“Nemakachenka” is practically impossible to throw away. The Czech Republic needs a more flexible labor market, and the government is doing the opposite

This has been asked time and time again by companies and many experts, and now it is reiterated by NERV's government advisors. According to them, the labor law in the Czech Republic hinders the development of the market and places too much emphasis on the protection of employees at the expense of the protection of employers. Although some members of the government are now expressing themselves that change is needed, the government has done the opposite in the past year. The labor code was significantly strengthened and, according to some critics, the government again followed the Czech Republic's European directives. At the same time, there are other changes that indicate pressure on bureaucracy and employers.

Entrepreneurs and workers face tough working conditions and taxation this year. Further hardening will emerge, which has been sanctified by the current Cabinet Labor Code Amendment and Consolidation Package. Companies did not wait, by the end of the year some “contractors” began to target “entrepreneurs”, experts and business representatives warned in advance that this would be a significant increase in administration and costs, which would negate the meaning of the obligations. Especially affecting small entrepreneurs.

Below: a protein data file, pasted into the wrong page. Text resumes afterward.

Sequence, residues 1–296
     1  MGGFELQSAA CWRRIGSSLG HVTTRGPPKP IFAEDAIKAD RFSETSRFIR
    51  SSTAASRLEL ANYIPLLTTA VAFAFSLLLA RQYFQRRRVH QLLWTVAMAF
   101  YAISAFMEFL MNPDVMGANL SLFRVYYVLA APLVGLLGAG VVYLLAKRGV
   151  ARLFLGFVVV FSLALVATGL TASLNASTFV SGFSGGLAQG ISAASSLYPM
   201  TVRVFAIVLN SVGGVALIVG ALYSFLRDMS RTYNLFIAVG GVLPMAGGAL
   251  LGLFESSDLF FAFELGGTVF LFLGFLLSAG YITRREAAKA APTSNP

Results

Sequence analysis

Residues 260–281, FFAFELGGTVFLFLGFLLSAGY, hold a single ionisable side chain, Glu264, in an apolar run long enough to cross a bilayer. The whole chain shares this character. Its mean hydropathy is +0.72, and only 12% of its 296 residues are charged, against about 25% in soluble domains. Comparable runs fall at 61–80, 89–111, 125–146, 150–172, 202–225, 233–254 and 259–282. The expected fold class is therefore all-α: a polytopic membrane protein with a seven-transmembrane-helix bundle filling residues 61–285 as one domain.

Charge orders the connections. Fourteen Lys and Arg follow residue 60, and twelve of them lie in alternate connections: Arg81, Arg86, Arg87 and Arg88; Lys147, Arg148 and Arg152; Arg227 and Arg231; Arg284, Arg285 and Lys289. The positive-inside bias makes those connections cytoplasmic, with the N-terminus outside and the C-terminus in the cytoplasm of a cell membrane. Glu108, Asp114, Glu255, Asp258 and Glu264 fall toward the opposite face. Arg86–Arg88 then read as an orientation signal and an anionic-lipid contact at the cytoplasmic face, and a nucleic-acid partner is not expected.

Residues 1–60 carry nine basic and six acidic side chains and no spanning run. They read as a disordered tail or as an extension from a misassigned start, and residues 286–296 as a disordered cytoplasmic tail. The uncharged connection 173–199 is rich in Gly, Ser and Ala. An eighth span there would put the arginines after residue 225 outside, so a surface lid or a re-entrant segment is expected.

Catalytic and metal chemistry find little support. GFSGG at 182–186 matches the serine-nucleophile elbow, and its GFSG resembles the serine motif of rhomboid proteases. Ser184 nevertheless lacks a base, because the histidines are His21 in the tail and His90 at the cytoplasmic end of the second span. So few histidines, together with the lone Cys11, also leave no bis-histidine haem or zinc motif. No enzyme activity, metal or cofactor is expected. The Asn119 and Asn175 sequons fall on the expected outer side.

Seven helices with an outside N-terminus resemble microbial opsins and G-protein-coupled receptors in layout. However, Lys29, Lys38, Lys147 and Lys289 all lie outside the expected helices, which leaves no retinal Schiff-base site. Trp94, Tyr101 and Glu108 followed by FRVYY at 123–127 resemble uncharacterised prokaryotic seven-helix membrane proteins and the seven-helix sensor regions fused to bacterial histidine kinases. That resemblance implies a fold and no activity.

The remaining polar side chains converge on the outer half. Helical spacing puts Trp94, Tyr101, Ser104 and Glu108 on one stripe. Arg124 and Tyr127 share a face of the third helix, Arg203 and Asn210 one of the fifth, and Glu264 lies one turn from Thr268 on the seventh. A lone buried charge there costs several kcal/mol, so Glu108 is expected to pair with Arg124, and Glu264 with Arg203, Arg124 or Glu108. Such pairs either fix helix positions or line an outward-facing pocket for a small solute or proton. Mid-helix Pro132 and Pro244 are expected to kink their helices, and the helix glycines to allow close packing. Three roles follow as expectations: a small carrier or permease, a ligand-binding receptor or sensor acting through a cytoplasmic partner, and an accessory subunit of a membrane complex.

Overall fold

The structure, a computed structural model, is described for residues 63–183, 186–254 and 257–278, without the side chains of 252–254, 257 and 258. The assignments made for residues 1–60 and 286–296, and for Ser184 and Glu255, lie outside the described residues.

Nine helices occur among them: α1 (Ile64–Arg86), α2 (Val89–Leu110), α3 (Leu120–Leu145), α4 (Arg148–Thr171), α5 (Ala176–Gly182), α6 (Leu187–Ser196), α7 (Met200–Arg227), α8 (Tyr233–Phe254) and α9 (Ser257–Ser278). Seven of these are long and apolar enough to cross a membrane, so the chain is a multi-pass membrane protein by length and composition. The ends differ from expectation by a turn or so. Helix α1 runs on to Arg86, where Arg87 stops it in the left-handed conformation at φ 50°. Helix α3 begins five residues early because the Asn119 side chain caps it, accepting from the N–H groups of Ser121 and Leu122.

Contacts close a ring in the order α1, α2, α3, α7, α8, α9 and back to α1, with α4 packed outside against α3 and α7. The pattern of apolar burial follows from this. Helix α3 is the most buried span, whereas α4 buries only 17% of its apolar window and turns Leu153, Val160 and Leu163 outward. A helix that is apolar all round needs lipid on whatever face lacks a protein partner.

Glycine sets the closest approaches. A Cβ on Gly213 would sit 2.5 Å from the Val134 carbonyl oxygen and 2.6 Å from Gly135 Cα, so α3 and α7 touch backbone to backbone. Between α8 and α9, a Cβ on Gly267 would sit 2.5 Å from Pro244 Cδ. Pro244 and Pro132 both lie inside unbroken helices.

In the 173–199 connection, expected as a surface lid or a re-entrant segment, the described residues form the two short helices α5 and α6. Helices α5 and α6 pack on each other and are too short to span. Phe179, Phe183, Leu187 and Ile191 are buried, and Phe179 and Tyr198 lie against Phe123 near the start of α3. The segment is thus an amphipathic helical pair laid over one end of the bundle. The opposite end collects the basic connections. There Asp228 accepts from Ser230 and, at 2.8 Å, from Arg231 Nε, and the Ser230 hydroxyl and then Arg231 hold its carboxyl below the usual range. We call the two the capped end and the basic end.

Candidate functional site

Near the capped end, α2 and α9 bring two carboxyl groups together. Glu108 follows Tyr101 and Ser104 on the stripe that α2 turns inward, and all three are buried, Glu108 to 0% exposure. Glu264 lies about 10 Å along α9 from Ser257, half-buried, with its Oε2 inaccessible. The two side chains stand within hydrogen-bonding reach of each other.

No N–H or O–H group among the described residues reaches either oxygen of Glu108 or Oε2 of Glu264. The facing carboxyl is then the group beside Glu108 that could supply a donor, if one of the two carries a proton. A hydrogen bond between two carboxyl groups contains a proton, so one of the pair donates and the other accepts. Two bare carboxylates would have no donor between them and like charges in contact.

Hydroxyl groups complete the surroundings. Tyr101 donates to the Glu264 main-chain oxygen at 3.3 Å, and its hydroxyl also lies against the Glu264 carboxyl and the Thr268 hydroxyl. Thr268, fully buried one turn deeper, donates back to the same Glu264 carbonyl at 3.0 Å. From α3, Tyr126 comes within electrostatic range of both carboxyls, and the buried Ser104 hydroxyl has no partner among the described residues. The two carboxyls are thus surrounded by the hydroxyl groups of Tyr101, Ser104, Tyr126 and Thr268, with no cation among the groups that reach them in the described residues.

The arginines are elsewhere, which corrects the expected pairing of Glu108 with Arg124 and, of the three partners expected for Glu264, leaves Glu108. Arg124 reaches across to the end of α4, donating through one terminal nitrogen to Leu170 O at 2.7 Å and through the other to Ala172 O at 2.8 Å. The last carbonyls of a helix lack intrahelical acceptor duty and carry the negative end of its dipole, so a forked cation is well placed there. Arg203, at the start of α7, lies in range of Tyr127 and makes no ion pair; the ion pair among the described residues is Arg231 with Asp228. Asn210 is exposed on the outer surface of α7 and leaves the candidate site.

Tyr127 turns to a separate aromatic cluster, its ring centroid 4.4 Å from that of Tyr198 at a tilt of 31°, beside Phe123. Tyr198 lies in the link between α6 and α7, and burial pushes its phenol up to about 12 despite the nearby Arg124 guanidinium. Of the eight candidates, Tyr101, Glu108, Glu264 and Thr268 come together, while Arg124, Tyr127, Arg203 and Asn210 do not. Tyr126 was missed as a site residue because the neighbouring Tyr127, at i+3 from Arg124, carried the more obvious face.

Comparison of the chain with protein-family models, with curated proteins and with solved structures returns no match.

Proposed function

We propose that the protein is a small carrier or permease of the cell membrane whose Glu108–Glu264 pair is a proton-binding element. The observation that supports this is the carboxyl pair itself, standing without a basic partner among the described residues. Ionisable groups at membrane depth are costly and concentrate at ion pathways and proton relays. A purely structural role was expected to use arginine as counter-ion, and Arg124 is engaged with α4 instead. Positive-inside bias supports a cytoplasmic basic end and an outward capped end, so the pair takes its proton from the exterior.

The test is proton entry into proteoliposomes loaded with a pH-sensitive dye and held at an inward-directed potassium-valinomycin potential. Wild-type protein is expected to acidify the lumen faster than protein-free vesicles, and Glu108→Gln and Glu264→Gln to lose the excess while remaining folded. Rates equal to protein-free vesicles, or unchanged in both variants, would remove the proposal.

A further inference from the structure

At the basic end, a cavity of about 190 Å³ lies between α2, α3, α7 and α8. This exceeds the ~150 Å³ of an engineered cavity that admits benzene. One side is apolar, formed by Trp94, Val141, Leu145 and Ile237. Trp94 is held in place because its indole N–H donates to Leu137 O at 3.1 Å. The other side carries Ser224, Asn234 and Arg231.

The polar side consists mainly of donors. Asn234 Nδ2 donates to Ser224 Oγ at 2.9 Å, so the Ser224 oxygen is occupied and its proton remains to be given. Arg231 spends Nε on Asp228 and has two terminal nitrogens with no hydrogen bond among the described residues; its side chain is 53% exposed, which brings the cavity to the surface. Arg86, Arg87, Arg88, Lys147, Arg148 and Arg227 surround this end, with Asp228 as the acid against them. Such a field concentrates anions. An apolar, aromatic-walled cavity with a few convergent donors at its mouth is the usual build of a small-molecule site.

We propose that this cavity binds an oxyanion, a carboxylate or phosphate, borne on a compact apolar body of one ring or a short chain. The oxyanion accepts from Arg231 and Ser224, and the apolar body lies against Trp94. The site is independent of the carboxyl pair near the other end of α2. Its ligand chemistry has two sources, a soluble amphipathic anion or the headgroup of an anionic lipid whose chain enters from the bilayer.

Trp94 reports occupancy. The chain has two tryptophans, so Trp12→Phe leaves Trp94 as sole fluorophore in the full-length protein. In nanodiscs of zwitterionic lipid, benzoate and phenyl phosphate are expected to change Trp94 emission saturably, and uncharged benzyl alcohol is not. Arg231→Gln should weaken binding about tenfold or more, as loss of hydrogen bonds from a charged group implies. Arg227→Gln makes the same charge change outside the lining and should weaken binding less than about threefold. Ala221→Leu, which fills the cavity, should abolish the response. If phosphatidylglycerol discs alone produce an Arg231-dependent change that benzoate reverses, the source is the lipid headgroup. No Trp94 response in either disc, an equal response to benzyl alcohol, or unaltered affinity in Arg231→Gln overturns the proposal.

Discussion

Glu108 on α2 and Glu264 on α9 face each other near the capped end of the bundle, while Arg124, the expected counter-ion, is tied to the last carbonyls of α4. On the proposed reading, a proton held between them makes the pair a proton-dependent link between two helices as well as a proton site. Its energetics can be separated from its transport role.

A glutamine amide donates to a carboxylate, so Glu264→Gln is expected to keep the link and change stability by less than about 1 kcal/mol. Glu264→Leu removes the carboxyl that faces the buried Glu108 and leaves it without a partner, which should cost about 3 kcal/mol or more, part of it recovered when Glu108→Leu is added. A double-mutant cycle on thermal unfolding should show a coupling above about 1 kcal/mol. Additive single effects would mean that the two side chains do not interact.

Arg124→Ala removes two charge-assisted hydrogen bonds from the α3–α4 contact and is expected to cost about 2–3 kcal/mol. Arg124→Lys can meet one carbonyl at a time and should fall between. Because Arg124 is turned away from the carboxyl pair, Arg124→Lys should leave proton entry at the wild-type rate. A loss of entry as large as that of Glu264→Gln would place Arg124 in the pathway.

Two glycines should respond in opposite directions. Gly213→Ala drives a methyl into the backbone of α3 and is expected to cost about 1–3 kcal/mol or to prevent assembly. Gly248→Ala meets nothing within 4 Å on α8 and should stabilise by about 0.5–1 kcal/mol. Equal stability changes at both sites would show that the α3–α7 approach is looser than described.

In terms of predictability of the business environment, government representatives are not very accommodating to entrepreneurs. Already at the beginning of the new year, Finance Minister Zbyněk Stanjura (ODS) started talking about the possibility that the tightening of conditions could change. At the same time, ODS paradoxically already stated during the approval of the integration package that reducing bureaucracy around the Labor Code was a priority for the party and that the party should focus on this. However, so far, even with the Kumbabhishek of ODS, the opposite has happened.

Even government advisers in the government's National Economic Council (NERV) are now taking note of this. According to them, the labor code should be modernized according to the evolving needs of the market. NERV proposes greater flexibility in hiring and firing employees, including termination without cause. This was unexpectedly supported by the Finance Minister. As long-term unemployment is low, employees and firms find it appropriate to quit employment more easily. In a case where an employee has been dismissed without giving a reason, according to Stantura, a discussion on the amount of severance pay is appropriate, he will not object to five months' salary.

NERV's experts point out that despite long-term low unemployment, companies are suffering from a shortage of qualified employees, which could be helped by changes in the labor index. Even according to NERV, it's currently more about employee protections and less about employer rights.

“In some developed Western countries, it is believed that the employer is primarily interested in skilled, productive and high-performing employees. They will be adequately paid for their work, which motivates them to work harder and come up with ideas that will lead to more profitable solutions for the employer and, therefore, for the country's growing economy. “Employees with non-performance problems or employees cannot be dismissed in the Czech Republic unless they have seriously violated work ethics,” NERV says.